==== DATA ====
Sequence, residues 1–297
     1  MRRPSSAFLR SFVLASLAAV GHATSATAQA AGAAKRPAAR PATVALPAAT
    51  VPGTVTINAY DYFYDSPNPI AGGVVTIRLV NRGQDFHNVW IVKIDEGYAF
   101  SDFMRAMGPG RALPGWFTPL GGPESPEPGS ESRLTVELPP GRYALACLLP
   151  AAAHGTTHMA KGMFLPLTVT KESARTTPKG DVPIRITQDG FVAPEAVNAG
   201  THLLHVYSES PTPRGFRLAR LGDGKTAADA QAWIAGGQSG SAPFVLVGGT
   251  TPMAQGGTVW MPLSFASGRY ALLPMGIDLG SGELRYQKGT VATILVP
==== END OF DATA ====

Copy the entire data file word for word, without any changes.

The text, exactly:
Sequence, residues 1–297
     1  MRRPSSAFLR SFVLASLAAV GHATSATAQA AGAAKRPAAR PATVALPAAT
    51  VPGTVTINAY DYFYDSPNPI AGGVVTIRLV NRGQDFHNVW IVKIDEGYAF
   101  SDFMRAMGPG RALPGWFTPL GGPESPEPGS ESRLTVELPP GRYALACLLP
   151  AAAHGTTHMA KGMFLPLTVT KESARTTPKG DVPIRITQDG FVAPEAVNAG
   201  THLLHVYSES PTPRGFRLAR LGDGKTAADA QAWIAGGQSG SAPFVLVGGT
   251  TPMAQGGTVW MPLSFASGRY ALLPMGIDLG SGELRYQKGT VATILVP